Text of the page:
Next, Sanchez-Contreras et al. treated mice over 24 months of age with one of two drugs that restore mitochondrial function later in life. Compared to control mice, the researchers found that both drugs reduced the fraction of transversion mutations, irrespective of whether they were detrimental or not. This suggests that transversion mutations are not removed by negative selection. Alternatively, transversion mutations are unlikely to be removed via repair mechanisms as the change in base pairs lies across both mtDNA strands and will therefore not be perceived as an error.

So, why do transversions not expand and accumulate with age? And why do transversion and transition mutations behave differently? Furthermore, Sanchez-Contreras et al. point out that despite using a duplex sequencing approach, it is possible that the transversions they detect might have been potentially generated in vitro from real in vivo DNA damage. Although this may be true (see Abascal et al., 2021 for possible mechanisms), the DNA damage present in vivo should have been at least partially converted (also in vivo) into real transversion mutations. So, why did this not result in the accumulation of transversions with age?

We think we might know the answer to some of these questions, and have developed a model which postulates that there are two broad classes of mtDNA molecules (Figure 1): a ‘stem subpopulation’ of actively replicating mtDNAs which are responsible for renewing the mtDNA pool, and a ‘worker subpopulation’ which are located in actively respiring mitochondria. ‘Stem’ mtDNAs reside in mitochondria that respire less and are therefore protected from reactive oxygen species. Consequently, transversions primarily occur on ‘worker’ mtDNA molecules which rarely replicate, which prevents these mutations from being able to clonally expand and accumulate with age. The model is supported by our analysis of HiFi sequencing data collected by Hon et al., 2020, which shows mtDNA molecules falling into high- and low-damaged groups (Cote-L’Heureu et al., 2023), and is also consistent with a functional study showing ‘replicating’ and ‘respiring’ subpopulations of mitochondria in the cell (Döhla et al., 2022).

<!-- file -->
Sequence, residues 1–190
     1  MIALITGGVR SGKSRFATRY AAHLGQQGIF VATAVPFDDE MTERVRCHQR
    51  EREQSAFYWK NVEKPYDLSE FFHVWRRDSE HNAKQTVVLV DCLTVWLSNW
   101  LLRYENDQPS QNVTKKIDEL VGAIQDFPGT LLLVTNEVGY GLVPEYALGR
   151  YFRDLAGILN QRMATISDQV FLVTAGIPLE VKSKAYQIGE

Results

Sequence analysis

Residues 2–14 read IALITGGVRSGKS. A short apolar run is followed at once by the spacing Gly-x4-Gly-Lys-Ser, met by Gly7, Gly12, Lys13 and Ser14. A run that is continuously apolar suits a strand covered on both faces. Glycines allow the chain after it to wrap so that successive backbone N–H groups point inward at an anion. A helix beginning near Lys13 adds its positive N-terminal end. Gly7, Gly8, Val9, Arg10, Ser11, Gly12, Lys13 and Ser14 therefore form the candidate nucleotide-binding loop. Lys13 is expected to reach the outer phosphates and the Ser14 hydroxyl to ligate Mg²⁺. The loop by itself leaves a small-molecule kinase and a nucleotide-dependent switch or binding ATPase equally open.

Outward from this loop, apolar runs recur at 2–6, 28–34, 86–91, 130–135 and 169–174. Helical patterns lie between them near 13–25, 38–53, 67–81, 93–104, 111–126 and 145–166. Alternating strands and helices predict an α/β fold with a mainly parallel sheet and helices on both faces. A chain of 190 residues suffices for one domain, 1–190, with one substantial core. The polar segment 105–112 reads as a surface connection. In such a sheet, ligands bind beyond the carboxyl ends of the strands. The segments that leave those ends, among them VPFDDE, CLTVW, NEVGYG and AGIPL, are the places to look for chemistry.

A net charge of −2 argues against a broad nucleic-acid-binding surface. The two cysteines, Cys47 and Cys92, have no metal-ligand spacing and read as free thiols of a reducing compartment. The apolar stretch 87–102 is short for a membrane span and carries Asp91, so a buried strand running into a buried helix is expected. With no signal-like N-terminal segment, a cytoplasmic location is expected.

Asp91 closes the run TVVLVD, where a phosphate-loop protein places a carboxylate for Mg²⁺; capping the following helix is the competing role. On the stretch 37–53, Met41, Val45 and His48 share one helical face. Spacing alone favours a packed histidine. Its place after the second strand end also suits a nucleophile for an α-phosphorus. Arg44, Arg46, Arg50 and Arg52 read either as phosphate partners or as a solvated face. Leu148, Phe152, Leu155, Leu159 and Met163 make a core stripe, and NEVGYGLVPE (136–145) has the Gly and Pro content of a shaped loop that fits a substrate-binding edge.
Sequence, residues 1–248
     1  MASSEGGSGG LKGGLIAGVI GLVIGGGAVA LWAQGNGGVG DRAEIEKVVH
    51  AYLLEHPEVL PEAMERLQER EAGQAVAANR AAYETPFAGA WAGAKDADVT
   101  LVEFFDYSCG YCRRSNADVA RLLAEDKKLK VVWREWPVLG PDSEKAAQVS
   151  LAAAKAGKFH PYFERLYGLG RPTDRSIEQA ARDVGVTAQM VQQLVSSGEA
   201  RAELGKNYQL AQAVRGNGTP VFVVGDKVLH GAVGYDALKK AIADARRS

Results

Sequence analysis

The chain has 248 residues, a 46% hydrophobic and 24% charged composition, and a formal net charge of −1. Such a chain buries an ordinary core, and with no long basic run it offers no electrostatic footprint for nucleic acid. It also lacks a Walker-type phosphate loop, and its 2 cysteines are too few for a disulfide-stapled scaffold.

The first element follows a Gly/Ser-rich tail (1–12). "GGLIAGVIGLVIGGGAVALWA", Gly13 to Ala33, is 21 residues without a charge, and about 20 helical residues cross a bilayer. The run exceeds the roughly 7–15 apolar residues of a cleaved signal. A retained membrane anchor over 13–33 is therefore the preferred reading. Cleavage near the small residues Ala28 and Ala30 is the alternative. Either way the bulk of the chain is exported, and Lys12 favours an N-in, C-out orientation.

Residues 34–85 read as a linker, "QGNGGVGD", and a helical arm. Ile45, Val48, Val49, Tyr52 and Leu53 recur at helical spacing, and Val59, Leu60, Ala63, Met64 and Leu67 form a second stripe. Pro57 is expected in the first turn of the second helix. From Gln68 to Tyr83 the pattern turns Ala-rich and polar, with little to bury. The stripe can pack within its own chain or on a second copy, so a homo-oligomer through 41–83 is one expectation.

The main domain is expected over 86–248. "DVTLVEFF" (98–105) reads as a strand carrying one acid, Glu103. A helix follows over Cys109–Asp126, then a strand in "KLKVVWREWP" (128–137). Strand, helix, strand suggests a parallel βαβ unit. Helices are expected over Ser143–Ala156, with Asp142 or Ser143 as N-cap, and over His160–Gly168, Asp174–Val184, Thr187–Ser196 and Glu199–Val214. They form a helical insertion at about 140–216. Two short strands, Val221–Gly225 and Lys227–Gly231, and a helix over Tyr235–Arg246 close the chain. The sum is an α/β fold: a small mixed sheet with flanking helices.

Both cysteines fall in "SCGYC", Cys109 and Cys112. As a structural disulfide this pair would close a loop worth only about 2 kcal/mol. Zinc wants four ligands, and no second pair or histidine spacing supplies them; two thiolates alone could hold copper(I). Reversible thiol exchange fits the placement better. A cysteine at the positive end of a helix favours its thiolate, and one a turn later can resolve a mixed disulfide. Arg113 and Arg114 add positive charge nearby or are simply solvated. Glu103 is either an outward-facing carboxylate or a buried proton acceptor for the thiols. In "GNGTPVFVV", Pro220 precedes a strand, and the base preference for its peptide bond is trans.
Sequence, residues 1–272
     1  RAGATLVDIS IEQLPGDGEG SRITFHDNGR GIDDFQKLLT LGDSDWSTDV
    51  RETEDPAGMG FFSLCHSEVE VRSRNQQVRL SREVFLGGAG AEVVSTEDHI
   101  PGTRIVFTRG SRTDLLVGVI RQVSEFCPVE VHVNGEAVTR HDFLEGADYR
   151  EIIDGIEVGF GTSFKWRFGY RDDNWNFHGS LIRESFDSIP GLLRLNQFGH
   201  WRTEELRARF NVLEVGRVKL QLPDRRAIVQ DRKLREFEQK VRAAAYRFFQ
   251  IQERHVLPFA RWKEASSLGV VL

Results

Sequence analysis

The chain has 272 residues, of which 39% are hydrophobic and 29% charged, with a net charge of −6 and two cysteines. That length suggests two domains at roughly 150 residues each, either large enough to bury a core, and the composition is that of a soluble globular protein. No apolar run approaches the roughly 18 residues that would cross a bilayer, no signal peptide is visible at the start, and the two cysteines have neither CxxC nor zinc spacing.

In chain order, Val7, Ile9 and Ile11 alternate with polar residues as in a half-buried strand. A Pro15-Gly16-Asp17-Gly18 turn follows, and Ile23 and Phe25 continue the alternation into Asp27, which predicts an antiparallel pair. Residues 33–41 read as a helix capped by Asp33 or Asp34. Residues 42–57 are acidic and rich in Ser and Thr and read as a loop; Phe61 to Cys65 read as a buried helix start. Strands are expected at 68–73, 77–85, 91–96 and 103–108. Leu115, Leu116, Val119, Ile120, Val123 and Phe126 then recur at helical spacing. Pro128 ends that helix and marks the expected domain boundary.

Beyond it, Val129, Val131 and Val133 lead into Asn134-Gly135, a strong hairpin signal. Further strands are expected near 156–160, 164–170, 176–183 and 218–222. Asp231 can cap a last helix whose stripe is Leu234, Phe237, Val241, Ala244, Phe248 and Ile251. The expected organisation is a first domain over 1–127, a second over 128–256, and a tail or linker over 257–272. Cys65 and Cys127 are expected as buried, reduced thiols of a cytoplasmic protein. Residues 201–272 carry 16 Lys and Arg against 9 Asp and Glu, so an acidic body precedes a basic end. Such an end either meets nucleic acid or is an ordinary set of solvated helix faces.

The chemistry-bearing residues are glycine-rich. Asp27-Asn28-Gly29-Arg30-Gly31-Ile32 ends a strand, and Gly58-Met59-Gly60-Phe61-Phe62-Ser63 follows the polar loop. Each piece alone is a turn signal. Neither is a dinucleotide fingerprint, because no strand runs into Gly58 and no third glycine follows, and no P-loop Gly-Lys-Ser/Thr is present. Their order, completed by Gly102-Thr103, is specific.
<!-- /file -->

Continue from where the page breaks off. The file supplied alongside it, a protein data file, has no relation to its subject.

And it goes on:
Two classes of mtDNA molecules may explain why transversion mutations do not accumulate with age.

Sanchez-Contreras et al. found both transition (light blue crosses) and transversion (black crosses) double-stranded mutations in the mitochondrial DNA (mtDNA) of mice. However, the transversion mutations – which are primarily caused by reactive oxygen species (ROS) – did not accumulate with age. Our own work (Cote-L’Heureu et al., 2023) suggests that cells contain an actively replicating group of mtDNAs – termed the ‘stem’ subpopulation (green) – which are protected from ROS. ‘Stem’ mtDNAs renew themselves and also replenish another group of mtDNAs – termed the ‘worker’ subpopulation (blue) – which are involved in respiration and exposed to higher levels of ROS and therefore acquire more transversion mutations. These mutations, however, do not accumulate because the ‘worker’ mtDNA molecules have a limited replication capacity and are eventually destined for removal (red cross).

In conclusion, the high-fidelity analysis of mtDNA mutations performed by Sanchez-Contreras et al. will become an important resource for future studies. Their data (and similar, more recent work by another group led by Peter Sudmant of Berkeley; Serrano et al., 2023) uncovered an unexpectedly high proportion of transversion mutations in mtDNA molecules, which, unlike transition mutations, did not increase with age.

Work in this field should benefit from the use of single-cell duplex sequencing (Arbeithuber et al., 2020), as well as newer, improved duplex sequencing approaches (Abascal et al., 2021), and long-read mutational analysis (Cote-L’Heureu et al., 2023). These methods could help to test if transversions are real mutations, and how the level of damage varies between mtDNA molecules. Ultimately, this will help researchers to better understand how mtDNA mutations are created, evaded, and inherited, as well as their role in development and aging.


Article and author information

Author details

  1. Auden Cote-L’Heureux

    Auden Cote-L’Heureux is in the Department of Biology, Northeastern University, Boston, United States

    Competing interests
    No competing interests declared
  2. Yogesh NK Maithania

    Yogesh NK Maithania is in the Department of Biology, Northeastern University, Boston, United States

    Competing interests
    No competing interests declared
  3. Melissa Franco

    Melissa Franco is in the Department of Biology, Northeastern University, Boston, United States

    Competing interests
    No competing interests declared